RY: Growing up as a musician, did you always strive to maintain such a great relationship with fans regardless of how big your band got?
Alex: “Growing up in a band, we learned and realized early on that we’re nothing without the fans. If the fans are not coming to the shows, then we have nothing. We always knew that we wanted to nurture that and run our band from the standpoint of it not just being about the music. It’s about the lifestyle; it’s about the world around the band. A big part of that is connecting with our fans. We were a big part of that MySpace, Pure Volume and MP3.com scene. We had profiles on all of those pages and learned early on that the Internet would be a real valuable resource for us, as far as connecting with the rest of the world…when we were just a small blip on the radar. [Social media] is a great way to connect.”
RY: Your band stated in a previous interview that Future Hearts touches a lot on the gradual rise of All Time Low from the Maryland scene to where you are now. When you think back to your beginnings, what initially comes to mind?
Alex: “Playing a lot of basements – that’s really the main thing. [Also] scrounging together any show we could get, playing to five people a night. Those shows were where we could’ve very easily been like, ‘This sucks, let’s give up, it’s not working.’ Instead, we put our heads down and said ‘No, this is where it begins and this is how you make something happen.’ Maintaining a good attitude back then was one of the main things that carried us to where we are now. I would say that a lot of that perspective has been put into our newer music – the idea that we came from nothing and we built this for ourselves. There is a lot of hope in our music…and we’ve always remained hopeful.”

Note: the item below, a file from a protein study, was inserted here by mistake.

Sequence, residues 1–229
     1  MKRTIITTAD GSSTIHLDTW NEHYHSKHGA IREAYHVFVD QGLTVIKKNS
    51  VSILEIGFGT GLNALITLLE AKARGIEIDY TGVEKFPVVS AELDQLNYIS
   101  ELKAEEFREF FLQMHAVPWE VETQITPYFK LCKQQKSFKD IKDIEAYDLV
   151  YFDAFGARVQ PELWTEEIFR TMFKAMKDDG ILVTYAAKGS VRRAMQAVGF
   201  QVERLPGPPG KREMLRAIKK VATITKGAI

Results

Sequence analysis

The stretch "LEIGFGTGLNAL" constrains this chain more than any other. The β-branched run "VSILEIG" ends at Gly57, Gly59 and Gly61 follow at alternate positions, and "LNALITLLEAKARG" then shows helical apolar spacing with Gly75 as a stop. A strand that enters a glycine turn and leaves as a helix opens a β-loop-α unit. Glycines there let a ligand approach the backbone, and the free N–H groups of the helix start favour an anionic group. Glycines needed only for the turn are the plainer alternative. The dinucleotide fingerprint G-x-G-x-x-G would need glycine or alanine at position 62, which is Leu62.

RY: Did you learn more from those early failures or early moments of success?
Alex: “Both. The failures were a slap a slap to the face and a taste of reality. It’s then when you realize you have to put your head down and work harder. But, the successes we’ve had along the way act as a reminder that there is a light at the end of the tunnel to strive towards. Every time we achieved something, we’d think, ‘What’s next?’ That’s played a big factor in our growth – never settling.”
RY: Further to the idea of ‘never settling,’ has All Time Low thought much about what the band is and what its musical ceiling could be?
Alex: “Yeah, I think we consider it a lot. Especially now, because we are in a much more realized place with our band. We were young when we started this band and a lot of those first records are still pretty formative. We were trying to figure ourselves out and what type of band we wanted to be. There were always the questions of ‘Are we a pop-punk band? Are we a pop-rock band? Are we a pop band? What are we?’ There was still a part of our identity that I don’t think we’d figured out. When we got to Don’t Panic, I felt like we hit the reset button on the band – it was a place to move forward from. I look at Don’t Panic as the first record in a new version of All Time Love – Future Hearts is a continuation of that. Where we go from here…I think the door’s wide open and the possibilities are endless.”